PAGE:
Although I’m not sure I fully grasped the point of this novel about ghosts and shipwrecks and Victorian sensibilities, Martin so cleverly blends the mystery of the fate of the Mary Celeste to an embattled maritime family and to the ruminations of famous author Sir Arthur Conan Doyle that the ideas behind spiritualism take on a life of their own. Here a vulnerable young clairvoyant becomes a wisp of a soul living in a shabby Philadelphia hotel one chilly afternoon in November 1894.
With the dark, deep ocean and not much else around her, a bleak future lies ahead for unfortunate Maria Briggs, who is well aware of her salt-of-the-earth lineage. Maria has come to believe she's unlike anyone else. We first meet her on the deck of the brig Early Dawn as she embarks on a life of adventure in 1859 as the wife of Captain Joseph Briggs. Maria is convinced that all of them are in God’s hand as a wet. white mist engulfs them. Amid the slate blue peaks, the sky and sea become “like a wall of lead” as Maria breathes in the chilly salt air. She feels a constant tremor of anxiety, as though “she’s suspended in an soundless void.”
Maria’s cousins, Hannah and Sallie Cobb, regularly visit the Briggs’ home at Rose Cottage, yet the bucolic surroundings are unable to prevent Hannah’s wondering dreams and visions. While both families accept that seafaring deaths are part of life, the fairy-like Hannah (“with her dark hair and light eyes, her slender limbs... [and] capricious temperament“) waits for her missing cousin to return. Hannah in her grief is obsessed with how Maria was swallowed by the sea, her soul still adrift.
“This loss of our dear cousin” only strengthens young Hannah’s conviction. She reasons that her cousin is alive, and therefore she will return. When Sallie is given an invitation from Captain Benjamin Briggs to go the sea and become his wife, the fate of the Mary Celeste is finally sealed. Sallie aches for adventure and to be evermore “Mrs. Sarah Cobb Briggs.” At first enchanted by starlight on board the Mary Celeste and at Hannah’s tears and joy at her happiness, the notion of traveling with her beloved Ben adds to Sallie’s sense of eternal homelessness and “glittering fixity.”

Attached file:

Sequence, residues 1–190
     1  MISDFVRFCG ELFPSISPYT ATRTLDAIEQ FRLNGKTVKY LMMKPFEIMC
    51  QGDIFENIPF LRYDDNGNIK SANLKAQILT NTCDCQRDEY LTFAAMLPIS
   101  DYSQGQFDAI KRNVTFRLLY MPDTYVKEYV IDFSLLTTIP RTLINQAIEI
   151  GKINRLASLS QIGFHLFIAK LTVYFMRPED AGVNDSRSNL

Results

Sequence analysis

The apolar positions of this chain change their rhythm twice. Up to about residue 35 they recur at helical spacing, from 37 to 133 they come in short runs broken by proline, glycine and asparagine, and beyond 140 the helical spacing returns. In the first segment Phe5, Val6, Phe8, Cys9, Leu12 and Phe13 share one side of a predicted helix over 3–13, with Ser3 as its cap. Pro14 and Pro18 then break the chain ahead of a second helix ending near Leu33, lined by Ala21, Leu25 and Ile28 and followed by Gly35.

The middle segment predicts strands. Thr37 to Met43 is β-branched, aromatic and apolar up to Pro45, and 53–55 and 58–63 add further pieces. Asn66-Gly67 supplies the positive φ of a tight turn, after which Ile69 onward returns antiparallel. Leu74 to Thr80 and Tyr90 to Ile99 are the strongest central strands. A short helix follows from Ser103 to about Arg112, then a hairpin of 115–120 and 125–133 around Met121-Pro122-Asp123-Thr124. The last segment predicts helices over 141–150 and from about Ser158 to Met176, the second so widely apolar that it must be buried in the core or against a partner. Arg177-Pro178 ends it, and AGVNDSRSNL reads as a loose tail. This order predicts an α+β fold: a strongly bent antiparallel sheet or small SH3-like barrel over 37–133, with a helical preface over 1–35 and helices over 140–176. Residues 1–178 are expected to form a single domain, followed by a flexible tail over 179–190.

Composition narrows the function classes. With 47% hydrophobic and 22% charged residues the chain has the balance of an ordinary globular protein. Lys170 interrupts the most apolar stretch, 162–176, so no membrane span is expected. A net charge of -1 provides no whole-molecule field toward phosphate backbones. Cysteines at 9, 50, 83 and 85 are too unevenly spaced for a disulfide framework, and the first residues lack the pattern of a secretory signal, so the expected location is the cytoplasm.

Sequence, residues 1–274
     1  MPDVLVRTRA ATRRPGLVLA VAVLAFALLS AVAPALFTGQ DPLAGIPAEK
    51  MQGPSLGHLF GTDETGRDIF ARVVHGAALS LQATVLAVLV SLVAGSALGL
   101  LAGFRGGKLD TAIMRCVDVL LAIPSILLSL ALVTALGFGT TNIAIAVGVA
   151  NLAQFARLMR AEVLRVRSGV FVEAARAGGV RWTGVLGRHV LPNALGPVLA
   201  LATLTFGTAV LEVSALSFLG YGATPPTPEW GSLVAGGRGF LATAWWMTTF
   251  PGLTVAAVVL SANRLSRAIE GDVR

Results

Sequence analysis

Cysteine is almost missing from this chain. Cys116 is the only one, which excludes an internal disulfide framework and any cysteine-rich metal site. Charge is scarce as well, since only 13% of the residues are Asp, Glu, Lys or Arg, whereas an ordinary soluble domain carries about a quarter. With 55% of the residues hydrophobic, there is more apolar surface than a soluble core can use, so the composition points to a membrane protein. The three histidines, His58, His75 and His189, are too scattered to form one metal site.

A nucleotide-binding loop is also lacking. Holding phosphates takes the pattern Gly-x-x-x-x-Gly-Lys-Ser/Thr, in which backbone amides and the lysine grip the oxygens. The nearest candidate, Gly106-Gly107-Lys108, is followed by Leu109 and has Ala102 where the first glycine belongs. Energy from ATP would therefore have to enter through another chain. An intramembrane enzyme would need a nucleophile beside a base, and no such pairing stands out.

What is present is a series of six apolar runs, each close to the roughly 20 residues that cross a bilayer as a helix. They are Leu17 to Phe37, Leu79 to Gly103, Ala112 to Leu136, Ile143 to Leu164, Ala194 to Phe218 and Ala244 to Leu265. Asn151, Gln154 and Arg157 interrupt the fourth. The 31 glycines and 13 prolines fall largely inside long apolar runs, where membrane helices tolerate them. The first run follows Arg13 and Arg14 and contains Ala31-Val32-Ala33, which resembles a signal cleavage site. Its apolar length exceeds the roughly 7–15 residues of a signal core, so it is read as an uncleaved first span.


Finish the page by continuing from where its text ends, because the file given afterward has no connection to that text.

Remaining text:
Martin convincingly portrays the conflicts and confusions of young Sallie through the use of first-person narration. An ethereal quality to her vibrant prose fluctuates between the earthly worlds of each of her characters. Despite the mystical elements, the author presents the angst and the realities of hard Victorian circumstances while gravitating toward Arthur Conan Doyle, who is sailing to the beaches, rivers and tropical jungles of Africa on an adventure of a different order. As Arthur’s thoughts stray at long last to the truth about the infamous ghost ship Mary Celeste, “the crew of which had suffered a fate more diabolical than anyone could have guessed,” Martin introduces Philadelphia journalist Phoebe Grant, on assignment to publicly expose famous Violet Petra, a clairvoyant of supposedly extraordinary powers.
Although some believe that Violet is the “genuine article,” Phoebe’s investigation reveals that Violet is somehow connected to the Biggs and Cobb families. Phoebe believes there is more to her than meets the eye. Convinced that the frail young girl is a charlatan and a fraud, Phoebe follows Violet to the spiritualist retreat of Lake Pleasant to finally expose her and her complacent devotees. All are fixated on the absurd “conviction that death was not momentous, that life, as they put it, was continuous...ghosts stripped of their otherness.”
Pain and death are everywhere in this novel. While it may sound as though this book is too sad to bear, at the same time, the narrative is often too beautiful for words. From Conan Doyle’s role as psychic investigator to the terror of the sea to the tragedies that will come to haunt the Briggs family, the oceanic whisper mysteriously calls from the convoluted depths. Martin astounds us with her gorgeous, flesh-and-blood images: a ship’s sharp prow slicing through dark and enormous wind-filled sails that develop in our mind’s eye. The author makes us feel the chill and watery depths of the ocean while, like a soft September undertow, she presents her major theme: what draws the bereaved to seek the departed still considered to be in this world?
The author’s capacity for empathy really gives The Ghost of the Mary Celeste its emotional heft and allows for the expansion of borders between the known and the unknown world. The novel possesses an oppressive atmosphere of sadness and malevolence, a sense of viewing the spirit world through fragments of shattered glass. Perhaps Violet is right, and everyone has a ghost story and there really are the ghosts of the dead yearning to openly offer themselves, only to be shunned by the skeptics among us and by those of us who dutifully inhabit this earthly world.